The Changing of the Guard

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Time magazine’s recent special edition: “100 Most Influential People of 2015” featured Malala Yousafzai and Pope Francis together side by side on the last page (152) of the Icons section.
It is truly a telling contrast on a number of levels:
Young vs. old, female vs. male, East (Pakistan) vs. West (Argentina), Muslim vs. Xian. These comparisons are largely superficial at first glance, but most intriguing and enlightening is the contrast in titles given to the short bios accompanying their images.
This young female is heralded as a “Champion of Education” and this old man as “The Humble Pastor”.
Education vs. religion. New ideas vs. old ideas, Female vs. male.
It is no accident that a male, an old male represents religion and a young female though also raised in a religion herself represents education, especially education for girls and women all over the world.

Malala stands in stark contrast to her religion, about as stark as one could get, as a survivor of a religiously motivated assassination attempt by a male committed to a religion that not only condemns women to second class citizenship (like the Pope’s) but to ignorance and subservience: she was shot by the Taliban for going to school and for being a very visible and outspoken activist for women’s education.

Malala’s activism goes far beyond promoting education of women and girls worldwide. In talking to another old male world leader of some influence, Malala attempted to educate him as well to a pressing situation in her home country:
“Innocent victims are killed in these acts, and they lead to resentment among the Pakistani people. If we refocus efforts on education it will make a big impact.”
(Yousafzai expressing her concerns to Barack Obama that drone attacks are fueling terrorism).

The Pope on the other hand stands for his very old patriarchal church, an organization that ensconces misogyny and less than equal rights for women. Women can’t be priests, bishops, cardinals, or Pope. They can’t rise to run the organization, they can’t control it. Worse still, they are denied their reproductive rights by the Catholic Church’s ridiculous dogma condemning the use of birth control which may be one of the most heinous commands of any religion, responsible for more suffering and deaths than even the religion which needed Malala killed.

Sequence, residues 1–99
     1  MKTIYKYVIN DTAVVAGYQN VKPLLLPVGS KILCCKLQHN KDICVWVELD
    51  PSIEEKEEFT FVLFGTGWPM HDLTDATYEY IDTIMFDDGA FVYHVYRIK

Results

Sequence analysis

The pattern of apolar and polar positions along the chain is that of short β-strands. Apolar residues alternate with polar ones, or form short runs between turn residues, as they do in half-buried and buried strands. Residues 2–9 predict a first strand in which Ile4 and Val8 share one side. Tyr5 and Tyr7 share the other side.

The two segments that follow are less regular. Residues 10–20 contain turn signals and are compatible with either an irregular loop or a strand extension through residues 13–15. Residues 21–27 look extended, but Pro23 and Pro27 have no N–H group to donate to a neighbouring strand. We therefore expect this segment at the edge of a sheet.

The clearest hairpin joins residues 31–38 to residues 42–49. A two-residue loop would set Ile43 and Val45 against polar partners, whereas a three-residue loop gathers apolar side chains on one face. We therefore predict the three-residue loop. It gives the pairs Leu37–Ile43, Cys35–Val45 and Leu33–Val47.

Both Malala and Pope Francis are heralded as Icons of our modern age by Time magazine, yet one is pushing for modernity and the end of millennia old thinking that restricts women to religiously approved behaviors in dress, sexuality and status as formulated by men centuries ago and the other is head of the largest institution on earth that maintains those repressions. Education eradicates those restrictions. Worldwide the more women become educated they take back their reproductive rights and gain status and economic power and leave the religious restrictions on their behavior written and enforced by men behind. Educated women in even predominantly Catholic countries utterly ignore the Pope and his Church’s absurd ideas about birth control.

Malala represents new freedoms for women and change, the Pope represents old repressions and the status quo.

The fact that it is time for a change with women coming to the forefront and finally becoming equal to men in access to all endeavors is most eloquently stated by the anthropologist Melvin Konner in his new book:
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Konner’s “Women, After All: Sex, Evolution and the End of Male Supremacy”
From the introduction:
…women are fundamentally pragmatic as well as caring, cooperative as well as competitive, skilled in getting their own egos out of the way, deft in managing people without putting them on the defensive, builders rather than destroyers. Above all, I mean that women carry on the business of a complex world in ways that are more focused, efficient, deliberate, and constructive than men’s, because women are not frequently distracted by impulses and moods that sometimes indirectly lead to inappropriate sex and unnecessary violence. Women are more reluctant participants in both. And if they do have to be drawn into wars, these will be wars of necessity, not of choice, founded on rational considerations, not on a clash of egos escalating out of control”

Science tells him this. Konner makes a rather strong case in 310 pages of data and findings from anthropology, sociology, psychology and biology that women and men are not the same and the differences women bring to the table may be superior to many of the predispositions of men and that those skills are just what is needed to make a better world. It is great read and a scientific tour de force, do give it a look.

And I could not agree more. We need more women senators, representatives, business leaders, scientists, world leaders and champions of education like Malala. We do not need any more Popes, imams, ministers, monks, pastors (however humble) or priests of any kind. We need less of all these bastions of male rule- making and phony authority that keep the world divided and women repressed.
Malala represents the changing of the guard that Konner argues for.
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